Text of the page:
This is another installment in my series Inspiring People Whom I Admire Part V. A few weeks ago I wrote about the inspirational story of Irene Sendler. Today I want to continue that theme of inspiring women in the World War II era and tell you the story of Sophie Scholl.
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Inspiring People Whom I Admire Part V
Sophie Scholl was born on May 9, 1921, in Germany. At the age of 12, she joined the League of German Girls as did most of her classmates. This displeased her father who was an ardent Nazi critic. Initially, she was very enthusiastic but eventually also became critical of the Nazis. Her brother Hans, at one time, eagerly participated in the Hitler Youth program became disillusioned as well. Hans was even arrested in 1937 for participating in the German Youth Movement. Seeing her brother arrested affected her deeply.
After graduating from secondary school, she became a kindergarten teacher. She had hoped this would be recognized as an alternative service to the National Labor Service. Unfortunately for Sophie, it wasn’t. National Labor Service was a prerequisite to be admitted to the University. Therefore, Sophie served six months of auxiliary war service. The military-like regimen of the Labor Service caused her to change her initial views of National Socialism. She would eventually begin to practice passive resistance.
In 1942 she enrolled at the University of Munich and attended with her brother Hans. During the summer, Sophie, Hans, and their friends began to question and resist the principles and policies of the Nazi regime. They adopted passive resistance strategies that were being used by students in the United States fighting racial discrimination.
The group called themselves, White Rose, and co-authored six Anti-Nazi Third Reich political resistance leaflets. These leaflets instructed Germans to passively resist the Nazis. During school breaks, Hans and some of his friends were conscripted into the military and sent to the eastern front. There, some of the group witnessed a group of naked Jews shot in a pit. They were horrified and it emboldened their efforts when they returned to school.
Sophie was an invaluable member of White Rose. As a female, her chances of being randomly stopped by the SS were much less. Between June 1942 and February 1943 they prepared and distributed the six leaflets. In January 1943, the White Rose, using hand-operated duplicating machines, produced, and distributed between 6000 to 9000 copies of their 5th leaflet, “Appeal to All Germans.”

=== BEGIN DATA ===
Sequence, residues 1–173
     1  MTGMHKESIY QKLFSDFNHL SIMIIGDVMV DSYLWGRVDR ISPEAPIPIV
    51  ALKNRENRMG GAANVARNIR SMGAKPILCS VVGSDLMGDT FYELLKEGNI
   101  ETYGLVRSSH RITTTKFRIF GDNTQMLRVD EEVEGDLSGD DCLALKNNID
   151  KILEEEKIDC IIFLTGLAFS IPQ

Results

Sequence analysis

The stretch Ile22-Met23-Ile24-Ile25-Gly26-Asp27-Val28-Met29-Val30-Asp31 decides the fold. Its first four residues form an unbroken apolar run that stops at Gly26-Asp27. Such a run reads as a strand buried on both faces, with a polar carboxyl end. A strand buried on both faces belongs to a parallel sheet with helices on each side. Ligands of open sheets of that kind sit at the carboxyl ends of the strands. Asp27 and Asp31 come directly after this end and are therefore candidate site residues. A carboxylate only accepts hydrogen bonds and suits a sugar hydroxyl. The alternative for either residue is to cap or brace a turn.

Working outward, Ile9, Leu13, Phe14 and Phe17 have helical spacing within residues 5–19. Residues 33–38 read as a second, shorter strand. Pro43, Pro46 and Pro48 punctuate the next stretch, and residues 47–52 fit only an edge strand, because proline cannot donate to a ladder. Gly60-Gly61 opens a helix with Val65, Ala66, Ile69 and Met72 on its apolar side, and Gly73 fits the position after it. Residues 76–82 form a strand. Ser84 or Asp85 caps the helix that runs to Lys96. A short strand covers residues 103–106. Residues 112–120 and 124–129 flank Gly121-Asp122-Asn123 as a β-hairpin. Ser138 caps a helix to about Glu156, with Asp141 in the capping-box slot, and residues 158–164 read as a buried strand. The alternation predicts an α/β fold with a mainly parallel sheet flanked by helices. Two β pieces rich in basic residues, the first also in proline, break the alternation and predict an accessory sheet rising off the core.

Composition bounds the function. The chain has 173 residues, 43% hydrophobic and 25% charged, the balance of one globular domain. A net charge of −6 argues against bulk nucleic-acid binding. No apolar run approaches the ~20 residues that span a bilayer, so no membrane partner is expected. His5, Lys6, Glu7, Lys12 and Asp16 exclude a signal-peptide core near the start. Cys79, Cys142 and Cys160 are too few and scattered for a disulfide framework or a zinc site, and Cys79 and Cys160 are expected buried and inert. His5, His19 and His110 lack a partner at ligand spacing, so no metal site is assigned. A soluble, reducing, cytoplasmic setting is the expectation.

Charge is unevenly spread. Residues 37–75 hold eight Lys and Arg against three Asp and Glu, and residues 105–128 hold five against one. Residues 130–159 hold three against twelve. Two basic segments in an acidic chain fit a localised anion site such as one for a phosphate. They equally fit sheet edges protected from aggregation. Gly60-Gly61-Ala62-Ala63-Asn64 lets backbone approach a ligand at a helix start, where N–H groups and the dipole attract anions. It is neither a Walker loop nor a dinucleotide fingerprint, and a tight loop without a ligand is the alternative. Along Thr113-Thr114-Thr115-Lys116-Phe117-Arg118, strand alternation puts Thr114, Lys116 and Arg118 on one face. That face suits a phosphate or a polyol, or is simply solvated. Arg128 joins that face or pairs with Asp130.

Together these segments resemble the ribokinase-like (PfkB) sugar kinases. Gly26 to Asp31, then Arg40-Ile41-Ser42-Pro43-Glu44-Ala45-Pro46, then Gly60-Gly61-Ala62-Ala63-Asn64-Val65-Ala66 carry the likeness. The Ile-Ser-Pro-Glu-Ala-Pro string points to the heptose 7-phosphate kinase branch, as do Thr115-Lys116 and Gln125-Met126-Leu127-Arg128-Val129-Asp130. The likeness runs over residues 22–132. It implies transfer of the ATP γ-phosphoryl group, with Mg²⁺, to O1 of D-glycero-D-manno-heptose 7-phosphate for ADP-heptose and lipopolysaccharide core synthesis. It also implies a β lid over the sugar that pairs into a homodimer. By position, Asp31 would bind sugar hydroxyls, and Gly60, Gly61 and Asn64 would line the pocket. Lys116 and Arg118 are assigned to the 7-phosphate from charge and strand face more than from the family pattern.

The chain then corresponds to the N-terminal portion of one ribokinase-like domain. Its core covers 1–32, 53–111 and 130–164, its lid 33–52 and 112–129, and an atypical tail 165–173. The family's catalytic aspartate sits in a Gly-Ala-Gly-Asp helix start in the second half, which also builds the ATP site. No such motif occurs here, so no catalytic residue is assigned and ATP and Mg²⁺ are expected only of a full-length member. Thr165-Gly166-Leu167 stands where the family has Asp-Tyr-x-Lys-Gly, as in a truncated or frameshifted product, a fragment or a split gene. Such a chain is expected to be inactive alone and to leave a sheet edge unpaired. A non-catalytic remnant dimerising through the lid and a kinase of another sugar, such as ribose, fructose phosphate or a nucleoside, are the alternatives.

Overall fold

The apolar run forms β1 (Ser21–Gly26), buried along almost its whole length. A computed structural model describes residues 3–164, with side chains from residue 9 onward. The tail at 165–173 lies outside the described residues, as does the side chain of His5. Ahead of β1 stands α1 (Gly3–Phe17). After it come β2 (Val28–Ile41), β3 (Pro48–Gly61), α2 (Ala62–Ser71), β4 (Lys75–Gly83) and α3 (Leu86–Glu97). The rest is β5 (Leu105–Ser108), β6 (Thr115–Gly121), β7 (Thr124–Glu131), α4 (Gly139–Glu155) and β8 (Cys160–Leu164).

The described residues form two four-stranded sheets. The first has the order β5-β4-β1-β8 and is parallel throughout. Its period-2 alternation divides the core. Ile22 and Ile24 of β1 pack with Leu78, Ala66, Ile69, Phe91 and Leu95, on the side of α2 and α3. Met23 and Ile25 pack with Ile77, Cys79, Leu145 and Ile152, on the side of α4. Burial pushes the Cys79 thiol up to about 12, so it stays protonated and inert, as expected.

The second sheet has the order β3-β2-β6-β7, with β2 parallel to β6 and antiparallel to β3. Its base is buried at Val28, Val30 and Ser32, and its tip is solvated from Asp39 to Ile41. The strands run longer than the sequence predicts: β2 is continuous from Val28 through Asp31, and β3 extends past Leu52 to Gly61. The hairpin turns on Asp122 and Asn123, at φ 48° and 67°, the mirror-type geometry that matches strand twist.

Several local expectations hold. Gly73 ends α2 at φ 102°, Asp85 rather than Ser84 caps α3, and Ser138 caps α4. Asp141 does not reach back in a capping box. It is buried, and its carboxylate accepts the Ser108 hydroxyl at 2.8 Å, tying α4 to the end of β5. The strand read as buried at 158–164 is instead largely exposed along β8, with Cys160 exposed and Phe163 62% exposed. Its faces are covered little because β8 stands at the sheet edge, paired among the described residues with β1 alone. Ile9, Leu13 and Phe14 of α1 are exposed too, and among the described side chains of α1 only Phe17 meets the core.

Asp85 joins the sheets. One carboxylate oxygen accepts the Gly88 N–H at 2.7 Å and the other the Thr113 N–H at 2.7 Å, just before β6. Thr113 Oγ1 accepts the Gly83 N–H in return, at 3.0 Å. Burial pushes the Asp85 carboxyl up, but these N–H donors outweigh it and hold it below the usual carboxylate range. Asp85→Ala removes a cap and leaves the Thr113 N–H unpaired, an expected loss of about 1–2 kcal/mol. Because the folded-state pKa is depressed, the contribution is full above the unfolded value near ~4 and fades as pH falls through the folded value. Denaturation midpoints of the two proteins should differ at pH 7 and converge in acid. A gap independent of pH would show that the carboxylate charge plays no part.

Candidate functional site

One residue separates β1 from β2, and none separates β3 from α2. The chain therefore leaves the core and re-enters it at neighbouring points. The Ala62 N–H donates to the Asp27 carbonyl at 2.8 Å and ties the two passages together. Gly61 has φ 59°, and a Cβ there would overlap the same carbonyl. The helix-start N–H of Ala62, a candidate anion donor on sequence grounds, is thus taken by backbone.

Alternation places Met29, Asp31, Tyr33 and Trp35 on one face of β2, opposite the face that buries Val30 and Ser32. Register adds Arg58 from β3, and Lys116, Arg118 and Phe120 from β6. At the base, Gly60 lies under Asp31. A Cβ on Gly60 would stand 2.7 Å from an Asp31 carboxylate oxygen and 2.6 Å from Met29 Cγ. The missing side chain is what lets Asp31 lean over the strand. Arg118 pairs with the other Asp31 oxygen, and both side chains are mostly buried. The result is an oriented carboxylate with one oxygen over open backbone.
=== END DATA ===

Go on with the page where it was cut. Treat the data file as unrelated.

Readers of the leaflets were urged to support the resistance movement in their struggle for freedom of speech, freedom of religion, and protection of individuals from the arbitrary action of the criminal dictator state. The leaflets caused a sensation and the Gestapo initiated an intensive search for the publishers.
On February 18, 1943, Hans and Sophie brought a suitcase full of leaflets to the University. They dropped stacks of leaflets in the hallways for the students to find when class let out. After dropping off the leaflets they discovered that some copies remained in the suitcase. Not wanting to waste a single leaflet Sophie grabbed the copies and ran up the stairs to the top floor of the building. There she flung the copies into the air over the railing.
Unfortunately, Sophie was observed by a custodian who supported the Nazis and notified the police. Hans and Sophie were taken into Gestapo custody. Eventually, the rest of the group was arrested, interrogated, and charged with treason. Sophie assumed full responsibility in an attempt to protect the other members of the White Rose.
In the People’s Court on February 21, 1943, Sophie was recorded as saying:
“Somebody, after all, had to make a start. What we wrote and said is also believed by many others. They just do not dare express themselves as we did.”
No testimony was allowed for the defendants; this was their only defense. Sophie and Han’s defiance, in the face of certain death, gained them the admiration of many people.
On February 22, 1943, Sophie, and Hans, along with their friend Christopher Probst, were adjudged guilty of treason and condemned to death by guillotine. A few hours later as she walked to her execution, still brave and defiant, she uttered her last words:
“Such a fine, sunny day, and I have to go… What does my death matter, if through us, thousands of people are awakened and stirred to action?”
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After her death, a copy of the sixth leaflet was smuggled out of Germany to the UK, where it was used by the Allied Forces. In mid-1943, they dropped millions of propaganda copies over Germany. The leaflet was now retitled, The Manifesto of the Students of Munich.
I admire Sophie, her brother, and their friends for having the courage to stand up for what is right. Knowing that if they were caught it would mean certain death, they were still willing to make the sacrifice. Their small part in resisting the tyranny of Hitler and his National Socialist Party contributed to Germany’s defeat. The symbolic value of what Sophie and the White Rose accomplished cannot be measured. It is because of her courage and sacrifice that I’m proud to include Sophie Scholl in this series of Inspiring People Whom I Admire Part V.
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